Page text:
Merlin’s many prophecies, though made by Merlin, are still foreseeing what will happen. Even though Merlin aids in the creation of certain ends, his prophecies (and especially the ones that are seen fulfilled) prove that there is a predestined future, inevitable in one way or another. For example, Merlin foretells both his and Arthur’s deaths, saying it is “Goddis wylle” that Arthur “be punysshed for [his] fowle dedis,” but yet he will have a “worshipfull dethe” while Merlin will only have a “shamefull dethe, to be putte in the erthe quycke” (31). Even so, knowing his fate, Merlin cannot change it as it is later fulfilled through his hopeless love for Nenyve, a damsel of the Lady of the Lake. Even though she only uses Merlin for the “wondyrs” he can teach her, he continues to follow her anyway, until “by hir subtyle worchyng she made Merlyon to go undir that stone to latte hir wete of the mervayles there; but she wrought so there for hym that he come never oute for all the craufte he coude do” (79). Merlin may help along and help devise some of the pieces along God’s Providence, but the end is still out of his control.

However, Merlin’s end is not the end of his devices. Merlin plants certain things for the future to let them play out as they will. One such “device” is set up after the burial of Balyn and Balan when Merlin puts Balyn’s sword
into a marbil stone stondynge upright, as a grete mylstone, and hoved always above the water, and dud many yeres. (And so by adventure hit swamme downe by the streme unto the cité of Camelot . . . And that same day Galahad the haute prynce com with Kynge Arthure; and so Galaad brought with hym the scaberde and encheved the swerde that was in the marble stone hovynge upon the water. . .) (61)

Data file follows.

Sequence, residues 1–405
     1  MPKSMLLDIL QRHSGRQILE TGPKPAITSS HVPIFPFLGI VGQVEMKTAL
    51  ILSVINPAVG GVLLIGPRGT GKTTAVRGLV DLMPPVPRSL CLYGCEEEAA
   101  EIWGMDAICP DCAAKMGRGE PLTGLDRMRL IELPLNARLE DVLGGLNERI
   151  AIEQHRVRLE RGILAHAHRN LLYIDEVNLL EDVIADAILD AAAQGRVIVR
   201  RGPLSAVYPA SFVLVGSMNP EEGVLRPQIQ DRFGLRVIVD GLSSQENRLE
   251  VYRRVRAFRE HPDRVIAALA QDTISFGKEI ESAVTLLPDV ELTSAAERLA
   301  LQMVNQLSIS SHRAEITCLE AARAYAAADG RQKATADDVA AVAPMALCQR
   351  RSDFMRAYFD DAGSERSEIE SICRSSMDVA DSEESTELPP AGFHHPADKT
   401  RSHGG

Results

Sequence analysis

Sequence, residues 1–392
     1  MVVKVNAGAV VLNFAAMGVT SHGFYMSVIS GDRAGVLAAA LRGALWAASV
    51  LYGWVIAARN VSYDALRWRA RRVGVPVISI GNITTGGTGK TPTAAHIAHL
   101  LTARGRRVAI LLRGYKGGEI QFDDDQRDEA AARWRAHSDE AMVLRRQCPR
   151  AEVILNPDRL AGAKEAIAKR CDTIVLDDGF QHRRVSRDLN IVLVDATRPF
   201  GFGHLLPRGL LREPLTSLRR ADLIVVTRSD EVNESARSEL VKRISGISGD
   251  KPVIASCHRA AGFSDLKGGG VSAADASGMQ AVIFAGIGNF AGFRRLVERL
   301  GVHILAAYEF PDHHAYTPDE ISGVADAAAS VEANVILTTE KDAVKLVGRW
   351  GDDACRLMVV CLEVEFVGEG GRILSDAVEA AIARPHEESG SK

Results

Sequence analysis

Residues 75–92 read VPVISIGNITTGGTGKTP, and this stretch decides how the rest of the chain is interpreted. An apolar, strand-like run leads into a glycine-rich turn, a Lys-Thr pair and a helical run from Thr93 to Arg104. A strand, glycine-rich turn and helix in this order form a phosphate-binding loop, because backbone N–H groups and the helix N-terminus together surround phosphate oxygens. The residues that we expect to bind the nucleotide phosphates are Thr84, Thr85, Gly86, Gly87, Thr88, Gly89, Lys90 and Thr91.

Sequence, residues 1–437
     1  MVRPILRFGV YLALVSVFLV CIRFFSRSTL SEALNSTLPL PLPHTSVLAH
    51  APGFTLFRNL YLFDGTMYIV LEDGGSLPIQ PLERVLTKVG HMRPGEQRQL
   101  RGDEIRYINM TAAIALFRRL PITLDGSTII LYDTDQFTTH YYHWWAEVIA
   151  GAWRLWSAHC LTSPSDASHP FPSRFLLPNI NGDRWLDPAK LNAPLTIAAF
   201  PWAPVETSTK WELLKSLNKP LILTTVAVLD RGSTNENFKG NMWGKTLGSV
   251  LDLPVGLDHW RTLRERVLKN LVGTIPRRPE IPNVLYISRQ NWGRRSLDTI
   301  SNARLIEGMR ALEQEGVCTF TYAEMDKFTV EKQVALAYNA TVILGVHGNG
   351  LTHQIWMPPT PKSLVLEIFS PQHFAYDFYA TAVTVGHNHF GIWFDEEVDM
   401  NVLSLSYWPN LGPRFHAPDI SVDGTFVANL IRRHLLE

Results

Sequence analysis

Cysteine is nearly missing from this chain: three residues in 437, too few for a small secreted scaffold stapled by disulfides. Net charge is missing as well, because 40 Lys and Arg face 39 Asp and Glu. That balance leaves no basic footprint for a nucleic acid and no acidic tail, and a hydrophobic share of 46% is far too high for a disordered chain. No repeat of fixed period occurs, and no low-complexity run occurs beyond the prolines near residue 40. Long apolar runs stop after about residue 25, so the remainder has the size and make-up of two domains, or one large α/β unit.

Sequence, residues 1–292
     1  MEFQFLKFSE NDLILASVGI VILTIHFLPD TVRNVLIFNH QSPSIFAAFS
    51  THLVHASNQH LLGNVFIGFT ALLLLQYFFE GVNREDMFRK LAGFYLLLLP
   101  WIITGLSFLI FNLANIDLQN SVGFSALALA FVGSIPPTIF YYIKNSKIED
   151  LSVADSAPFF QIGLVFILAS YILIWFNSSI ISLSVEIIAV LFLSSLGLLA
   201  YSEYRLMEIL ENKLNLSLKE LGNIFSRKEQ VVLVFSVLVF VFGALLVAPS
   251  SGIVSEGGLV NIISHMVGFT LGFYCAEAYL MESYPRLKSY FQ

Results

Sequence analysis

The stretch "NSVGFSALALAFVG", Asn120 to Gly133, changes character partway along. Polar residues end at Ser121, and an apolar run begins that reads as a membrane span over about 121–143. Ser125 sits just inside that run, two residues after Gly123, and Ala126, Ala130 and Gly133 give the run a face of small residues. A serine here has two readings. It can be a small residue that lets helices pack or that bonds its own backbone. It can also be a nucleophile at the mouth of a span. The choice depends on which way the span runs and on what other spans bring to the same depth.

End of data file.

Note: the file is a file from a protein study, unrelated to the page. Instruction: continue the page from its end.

Merlin also leaves the scabbard “on thys side the ilonde, that Galaad shole fynde hit” (61). In this way, Merlin both prophecies what will happen and helps to make it happen without his being there to guide events in that future. Even though here Merlin is devising God’s Providence, God is left to oversee that these events happen. 

Perhaps the reason for including Merlin so much more thoroughly is Malory’s way of playing off of what had become a much more popular figure in the Arthurian legend and creating a more solidly memorable character. Perhaps Malory meant to attempt a more concrete explanation for the random and ungrounded supernatural events that must happen in his encyclopedia according to the previous romances, accounts, or compilations. Whatever the case, Malory does seem to be mixing the traditional explanation that sufficed at one time—simply that of “God’s Providence”—with a more realistic means for the events within Malory’s reinvented Arthurian world.
Works Cited
Malory, Sir Thomas. Le Morte Darthur. Ed. Stephen H. A. Shepherd. New York: Norton, 2004. Print.